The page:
Speaker Will Weatherford introduced a new member of the Florida House this week.
“Members, we have an auto-reader. We had it in the closet just in case we ever had to actually read the bills,” Weatherford said amid laughs from the chamber. “It may be a little bit faster than normal.”
Weatherford's communications director announced on Twitter that the auto-reader's name is Mary.
I will never forget that awful December day. My daughter left to school and I turned on the TV. I stumbled upon something that read “School Shooting.” All I could think was that my little princess was at her school and that this could happen anywhere. As it was getting time to pick her up, I rushed a little more and could not wait to hear her voice and see her smile. As soon as I saw her, I felt an immense sense of relief and peace. Tears kept on coming down my face.
With immigration a hot-button issue in Washington, some version of immigration reform is likely this year. Even so, immigrant activist Sandra Sanchez concedes that the country might not be ready for an overhaul of its immigration laws.
Sanchez, director of the American Friends Service Committee Iowa's Immigrants Voice Program, doesn't mean that in political terms, but in practical ones. "We need to be prepared for the wave of millions of potential applicants that will be needing ... legal services," she says. "And we will not have enough resources to serve them."
Originally published on Thu April 25, 2013 6:48 pm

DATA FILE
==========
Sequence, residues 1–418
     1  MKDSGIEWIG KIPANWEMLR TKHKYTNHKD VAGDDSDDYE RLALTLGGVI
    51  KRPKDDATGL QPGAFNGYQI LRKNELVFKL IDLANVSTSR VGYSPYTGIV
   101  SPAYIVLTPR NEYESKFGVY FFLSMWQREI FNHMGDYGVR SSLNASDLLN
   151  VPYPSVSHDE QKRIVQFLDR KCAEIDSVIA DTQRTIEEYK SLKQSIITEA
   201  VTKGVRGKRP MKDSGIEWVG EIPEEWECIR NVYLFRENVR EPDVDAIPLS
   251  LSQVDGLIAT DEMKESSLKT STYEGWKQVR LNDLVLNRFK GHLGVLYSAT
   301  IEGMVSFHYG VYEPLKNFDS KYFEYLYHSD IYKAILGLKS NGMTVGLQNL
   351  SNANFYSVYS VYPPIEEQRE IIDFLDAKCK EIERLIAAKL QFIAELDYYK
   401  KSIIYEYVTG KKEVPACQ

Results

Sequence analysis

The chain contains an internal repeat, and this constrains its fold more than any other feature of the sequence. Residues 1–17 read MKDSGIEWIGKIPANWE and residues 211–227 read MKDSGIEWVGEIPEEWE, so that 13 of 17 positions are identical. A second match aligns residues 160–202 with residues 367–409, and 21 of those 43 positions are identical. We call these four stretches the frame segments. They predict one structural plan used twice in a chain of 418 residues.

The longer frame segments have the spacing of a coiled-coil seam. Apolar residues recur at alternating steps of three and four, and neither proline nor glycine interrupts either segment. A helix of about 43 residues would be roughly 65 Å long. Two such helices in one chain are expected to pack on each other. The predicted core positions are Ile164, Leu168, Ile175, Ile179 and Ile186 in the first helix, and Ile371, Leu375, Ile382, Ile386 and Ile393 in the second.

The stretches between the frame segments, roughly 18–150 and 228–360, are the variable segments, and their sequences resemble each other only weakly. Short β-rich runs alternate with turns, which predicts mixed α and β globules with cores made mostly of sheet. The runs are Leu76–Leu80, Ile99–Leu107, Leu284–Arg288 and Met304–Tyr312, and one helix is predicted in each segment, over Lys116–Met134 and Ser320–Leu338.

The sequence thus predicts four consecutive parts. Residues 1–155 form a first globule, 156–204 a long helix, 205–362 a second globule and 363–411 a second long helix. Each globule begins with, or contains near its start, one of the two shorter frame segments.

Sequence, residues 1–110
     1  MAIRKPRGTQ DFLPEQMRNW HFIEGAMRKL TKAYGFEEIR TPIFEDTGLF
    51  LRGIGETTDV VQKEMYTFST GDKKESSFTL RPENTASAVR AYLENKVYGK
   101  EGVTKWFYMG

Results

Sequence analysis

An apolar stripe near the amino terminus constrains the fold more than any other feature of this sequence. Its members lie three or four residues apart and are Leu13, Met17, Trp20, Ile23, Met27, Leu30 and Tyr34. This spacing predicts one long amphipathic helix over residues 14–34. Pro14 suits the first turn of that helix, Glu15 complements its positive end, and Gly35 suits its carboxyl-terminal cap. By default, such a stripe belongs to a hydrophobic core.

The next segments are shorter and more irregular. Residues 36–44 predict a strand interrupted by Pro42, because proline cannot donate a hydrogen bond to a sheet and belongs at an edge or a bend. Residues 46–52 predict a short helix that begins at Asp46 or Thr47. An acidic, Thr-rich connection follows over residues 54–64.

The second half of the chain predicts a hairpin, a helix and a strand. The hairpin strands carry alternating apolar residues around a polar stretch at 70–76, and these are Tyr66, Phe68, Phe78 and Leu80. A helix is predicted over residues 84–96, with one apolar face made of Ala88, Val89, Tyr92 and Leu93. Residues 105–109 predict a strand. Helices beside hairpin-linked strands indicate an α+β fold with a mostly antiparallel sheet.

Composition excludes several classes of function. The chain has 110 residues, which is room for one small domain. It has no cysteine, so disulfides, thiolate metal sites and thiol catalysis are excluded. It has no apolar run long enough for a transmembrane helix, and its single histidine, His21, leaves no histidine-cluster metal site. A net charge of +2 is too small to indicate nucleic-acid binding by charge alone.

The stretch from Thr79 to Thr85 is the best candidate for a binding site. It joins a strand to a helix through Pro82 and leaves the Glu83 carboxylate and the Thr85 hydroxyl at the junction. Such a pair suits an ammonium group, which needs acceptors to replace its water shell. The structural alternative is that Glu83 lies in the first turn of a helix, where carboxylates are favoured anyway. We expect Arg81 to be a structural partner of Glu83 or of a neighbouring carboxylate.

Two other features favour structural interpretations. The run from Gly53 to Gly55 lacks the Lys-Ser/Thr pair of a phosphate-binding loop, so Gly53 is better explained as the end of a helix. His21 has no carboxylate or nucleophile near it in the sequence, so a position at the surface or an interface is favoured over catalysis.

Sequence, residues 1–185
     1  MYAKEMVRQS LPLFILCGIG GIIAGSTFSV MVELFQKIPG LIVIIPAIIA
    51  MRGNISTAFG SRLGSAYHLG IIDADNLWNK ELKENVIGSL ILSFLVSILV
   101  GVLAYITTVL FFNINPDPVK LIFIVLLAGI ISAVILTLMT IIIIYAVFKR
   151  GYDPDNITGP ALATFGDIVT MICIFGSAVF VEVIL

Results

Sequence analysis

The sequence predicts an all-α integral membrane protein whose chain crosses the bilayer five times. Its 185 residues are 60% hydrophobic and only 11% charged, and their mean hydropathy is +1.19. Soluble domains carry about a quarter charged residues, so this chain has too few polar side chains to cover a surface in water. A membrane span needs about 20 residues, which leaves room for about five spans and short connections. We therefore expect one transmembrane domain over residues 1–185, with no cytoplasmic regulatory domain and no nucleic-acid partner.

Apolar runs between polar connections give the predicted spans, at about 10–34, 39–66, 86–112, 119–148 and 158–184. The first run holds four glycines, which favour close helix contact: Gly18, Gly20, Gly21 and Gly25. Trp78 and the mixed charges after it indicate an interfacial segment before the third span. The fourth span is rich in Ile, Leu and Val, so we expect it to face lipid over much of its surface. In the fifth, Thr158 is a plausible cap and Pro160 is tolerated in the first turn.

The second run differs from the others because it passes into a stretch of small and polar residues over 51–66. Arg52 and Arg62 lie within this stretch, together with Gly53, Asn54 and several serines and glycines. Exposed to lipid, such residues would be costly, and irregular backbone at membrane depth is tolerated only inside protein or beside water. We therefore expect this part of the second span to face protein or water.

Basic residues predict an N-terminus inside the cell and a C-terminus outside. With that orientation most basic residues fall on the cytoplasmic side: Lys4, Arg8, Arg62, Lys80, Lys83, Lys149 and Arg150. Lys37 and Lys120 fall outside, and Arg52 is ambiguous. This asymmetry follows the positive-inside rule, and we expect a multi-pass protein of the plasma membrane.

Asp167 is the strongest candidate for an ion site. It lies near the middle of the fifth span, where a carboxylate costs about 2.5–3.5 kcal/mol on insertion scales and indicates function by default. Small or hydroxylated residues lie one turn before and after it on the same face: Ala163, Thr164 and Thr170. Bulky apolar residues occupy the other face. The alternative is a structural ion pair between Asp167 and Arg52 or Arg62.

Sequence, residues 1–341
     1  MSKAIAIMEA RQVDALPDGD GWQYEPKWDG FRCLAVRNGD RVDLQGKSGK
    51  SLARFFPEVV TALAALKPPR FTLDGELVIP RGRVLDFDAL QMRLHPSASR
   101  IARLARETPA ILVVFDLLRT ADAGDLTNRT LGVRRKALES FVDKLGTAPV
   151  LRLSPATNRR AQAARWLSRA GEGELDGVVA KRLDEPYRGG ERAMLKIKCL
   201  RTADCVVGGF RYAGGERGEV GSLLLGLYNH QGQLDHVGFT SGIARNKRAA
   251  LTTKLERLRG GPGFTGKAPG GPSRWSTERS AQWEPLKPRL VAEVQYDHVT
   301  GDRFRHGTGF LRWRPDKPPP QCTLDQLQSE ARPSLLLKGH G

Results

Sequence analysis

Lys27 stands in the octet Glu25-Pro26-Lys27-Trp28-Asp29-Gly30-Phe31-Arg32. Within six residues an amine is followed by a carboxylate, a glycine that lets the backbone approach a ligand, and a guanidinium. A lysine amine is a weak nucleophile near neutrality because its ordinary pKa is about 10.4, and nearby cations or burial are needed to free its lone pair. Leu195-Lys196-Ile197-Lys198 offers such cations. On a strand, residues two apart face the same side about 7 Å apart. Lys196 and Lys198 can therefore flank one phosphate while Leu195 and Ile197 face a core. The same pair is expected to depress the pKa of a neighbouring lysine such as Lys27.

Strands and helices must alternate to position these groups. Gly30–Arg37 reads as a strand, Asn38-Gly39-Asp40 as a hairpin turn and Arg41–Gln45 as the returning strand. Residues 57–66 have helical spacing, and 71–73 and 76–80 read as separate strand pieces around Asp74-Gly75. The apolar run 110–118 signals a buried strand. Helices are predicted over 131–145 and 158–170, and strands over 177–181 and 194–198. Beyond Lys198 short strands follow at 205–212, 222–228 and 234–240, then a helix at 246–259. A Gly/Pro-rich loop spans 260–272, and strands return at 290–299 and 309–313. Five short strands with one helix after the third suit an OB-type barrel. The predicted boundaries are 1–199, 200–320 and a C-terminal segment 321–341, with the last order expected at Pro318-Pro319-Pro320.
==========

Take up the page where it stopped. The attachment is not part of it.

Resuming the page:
Venezuela has detained an American filmmaker, accusing him of "creating violence" at the behest of the U.S. government.
Interior Minister Miguel Rodriguez Torres said Timothy Hallet Tracy was paying right-wing youth to hold violent protests in the aftermath of the elections narrowly won by Nicolas Maduro, the late Hugo Chavez's chosen successor. Torres said Tracy worked for a U.S. intelligence agency. His comments were reported by the Venezuelan newspaper Ultimas Noticias.
We're a little over two weeks away from the scheduled Miami-Dade County referendum on proposed upgrades to the Miami Dolphins' Sun Life Stadium.
State lawmakers still need to approve a local hotel tax increase and a Dolphins subsidy that would help pay for the renovations. If that happens, the public will have a chance to officially vote on the upgrades on May 14th.
Until then, we figured we'd give our audience a different way to express their feelings on the issue:
House Republicans rejected a bipartisan Senate proposal to accept $51 billion in federal health care money on Thursday, diminishing hopes that lawmakers will reach a health care compromise before the legislative session ends next week.
After five hours of targeted questions and impassioned debate, Republicans rejected an attempt by renegade Republican Rep. Mike Fasano to accept the Senate plan to provide federally subsidized health coverage to more than 1 million Floridians.
Sen. David Simmons, R-Maitland, believes he has the votes to put his sweeping overhaul of Citizens Property Insurance Corp. up for a final vote in the Senate on Thursday.
Simmons was busy lobbying his colleagues over the proposal (SB 1770) during the floor session on Wednesday after the measure was postponed for the second time in nine days from being put up for a final Senate vote.
To create a tax break for the Miami Dolphins, Florida might eliminate a tax break for Miami’s foreign banks.
On Thursday, the state Senate is scheduled to vote on a bill allowing Florida to pay out $15 million a year in sales-tax rebates for stadium renovations, including a possible $3 million yearly subsidy for the Dolphins’ Sun Life Stadium. To pay for the new stadium dollars, the legislation would end a tax deduction reserved for international banking operations, which in Florida are clustered in the Miami area.